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I usually deal with tangent and cotangent graphs in a special way. So, on the normal tangent graph, do you know where the asymptotes would be?
I did it towards the beginning of the semester so I don't remember
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Tangent would have asymptotes at -pi/2 and pi/2 and then those asymptotes would repeat every pi. So basically, the pattern/graph of tangent is defined between each set of asymptotes. So my strategy for graphing tangent is to take the angle of tangent and set up an inequality between -pi/2 and pi/2. SO in this case, your angle is x/2, which means I would do this:
-pi/2 < x/2 < pi/2
From here I solve for x, which gives me
-pi/4 < x < pi/4
Doing this does multiple things for me.
1. It tells me where asymptotes are
2. The distance between these asymptotes is the period of the function. Knowing the period and the location of asymptotes lets me knoe where all the asymptotes of the function are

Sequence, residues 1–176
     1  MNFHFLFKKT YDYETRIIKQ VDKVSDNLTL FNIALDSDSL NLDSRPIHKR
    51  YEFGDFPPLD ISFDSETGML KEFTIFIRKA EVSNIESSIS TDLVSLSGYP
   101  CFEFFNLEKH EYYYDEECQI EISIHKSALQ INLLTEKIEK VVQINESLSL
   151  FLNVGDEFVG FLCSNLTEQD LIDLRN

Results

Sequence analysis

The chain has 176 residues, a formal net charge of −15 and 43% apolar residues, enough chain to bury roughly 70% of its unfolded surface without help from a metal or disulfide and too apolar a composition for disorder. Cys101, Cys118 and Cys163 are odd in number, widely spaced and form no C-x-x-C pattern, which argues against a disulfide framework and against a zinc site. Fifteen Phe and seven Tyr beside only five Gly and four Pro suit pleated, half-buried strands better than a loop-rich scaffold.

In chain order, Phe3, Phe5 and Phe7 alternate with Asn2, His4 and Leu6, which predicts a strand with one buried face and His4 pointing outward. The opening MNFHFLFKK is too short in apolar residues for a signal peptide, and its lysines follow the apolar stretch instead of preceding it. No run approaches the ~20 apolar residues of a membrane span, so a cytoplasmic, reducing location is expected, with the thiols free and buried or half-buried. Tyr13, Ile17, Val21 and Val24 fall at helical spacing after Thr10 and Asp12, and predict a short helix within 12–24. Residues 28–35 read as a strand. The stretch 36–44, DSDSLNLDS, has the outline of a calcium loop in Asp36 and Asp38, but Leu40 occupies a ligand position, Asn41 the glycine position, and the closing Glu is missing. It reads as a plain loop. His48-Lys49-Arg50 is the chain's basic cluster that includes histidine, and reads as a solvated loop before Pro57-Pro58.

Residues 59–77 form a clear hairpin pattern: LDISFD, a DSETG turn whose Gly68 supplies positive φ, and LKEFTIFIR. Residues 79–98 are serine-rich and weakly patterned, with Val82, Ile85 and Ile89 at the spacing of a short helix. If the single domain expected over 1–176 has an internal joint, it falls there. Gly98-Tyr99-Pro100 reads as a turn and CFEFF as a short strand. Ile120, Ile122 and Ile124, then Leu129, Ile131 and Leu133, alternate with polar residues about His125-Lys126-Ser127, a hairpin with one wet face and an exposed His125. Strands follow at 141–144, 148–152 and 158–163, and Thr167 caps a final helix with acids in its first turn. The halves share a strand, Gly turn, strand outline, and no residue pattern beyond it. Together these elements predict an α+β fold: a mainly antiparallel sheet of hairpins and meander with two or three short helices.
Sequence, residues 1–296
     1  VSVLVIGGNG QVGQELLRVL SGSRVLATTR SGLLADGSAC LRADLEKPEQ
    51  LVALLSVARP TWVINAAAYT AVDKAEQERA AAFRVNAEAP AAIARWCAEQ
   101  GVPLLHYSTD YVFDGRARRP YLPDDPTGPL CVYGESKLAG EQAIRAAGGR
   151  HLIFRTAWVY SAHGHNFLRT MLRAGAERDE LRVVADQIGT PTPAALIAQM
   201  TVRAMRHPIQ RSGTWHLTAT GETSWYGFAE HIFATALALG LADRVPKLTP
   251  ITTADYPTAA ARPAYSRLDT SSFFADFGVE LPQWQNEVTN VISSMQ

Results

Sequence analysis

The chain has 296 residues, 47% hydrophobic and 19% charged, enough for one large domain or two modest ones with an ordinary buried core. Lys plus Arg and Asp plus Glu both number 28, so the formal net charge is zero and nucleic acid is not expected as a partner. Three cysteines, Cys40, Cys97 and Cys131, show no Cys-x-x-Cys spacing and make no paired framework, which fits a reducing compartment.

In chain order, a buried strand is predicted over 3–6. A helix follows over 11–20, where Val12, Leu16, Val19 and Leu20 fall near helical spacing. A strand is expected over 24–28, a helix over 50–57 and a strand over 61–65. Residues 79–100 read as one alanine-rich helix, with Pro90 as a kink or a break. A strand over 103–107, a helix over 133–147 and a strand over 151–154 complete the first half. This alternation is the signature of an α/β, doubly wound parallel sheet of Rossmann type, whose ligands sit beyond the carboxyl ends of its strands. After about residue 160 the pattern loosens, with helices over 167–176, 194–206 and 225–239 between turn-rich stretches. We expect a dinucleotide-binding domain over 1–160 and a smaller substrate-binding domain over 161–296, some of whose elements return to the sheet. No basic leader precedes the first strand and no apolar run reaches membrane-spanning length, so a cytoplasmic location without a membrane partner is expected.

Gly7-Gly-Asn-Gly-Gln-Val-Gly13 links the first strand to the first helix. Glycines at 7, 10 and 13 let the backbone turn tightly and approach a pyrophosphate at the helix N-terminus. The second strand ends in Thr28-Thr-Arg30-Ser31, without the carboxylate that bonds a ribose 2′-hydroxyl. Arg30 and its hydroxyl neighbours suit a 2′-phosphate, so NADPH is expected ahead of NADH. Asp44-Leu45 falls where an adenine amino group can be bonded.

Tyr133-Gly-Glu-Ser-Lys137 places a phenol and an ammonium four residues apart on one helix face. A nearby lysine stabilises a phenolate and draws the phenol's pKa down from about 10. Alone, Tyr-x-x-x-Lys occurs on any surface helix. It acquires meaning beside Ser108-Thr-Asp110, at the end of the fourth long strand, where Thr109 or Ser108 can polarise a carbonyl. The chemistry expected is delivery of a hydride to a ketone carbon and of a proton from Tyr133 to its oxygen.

3. This also accounts for any phase shifts if there are any.
So the distance between -pi/4 and pi/4 is pi/2. This means the period of the function is pi/2 and that all asymptotes can be found by adding pi/2 to the location of any known asymptote.
So that takes care of asymptote placement. Im sure you recall the general shape of the tangent graph. Unless a graph is shifted up or down (which it isnt in this case), any x-intercept is in between any 2 asymptotes. So with this information, I could graph this:
Before I add in the last detail, does that all make sense?
Yes this makes sense
Alright, cool. The last detail, which is just to make the graph a bit more accurate, is to also note that on the normal tangent graph, any quarter point has a y-value of -1 and any 3/4 point has a y-value of 1. This is what I mean visually:
Notice how between each set of asymptotes I made 3 hash marks. The 1st and 3rd hashmarks represent what I called 1/4 and 3/4 points. Kinda see what I mean?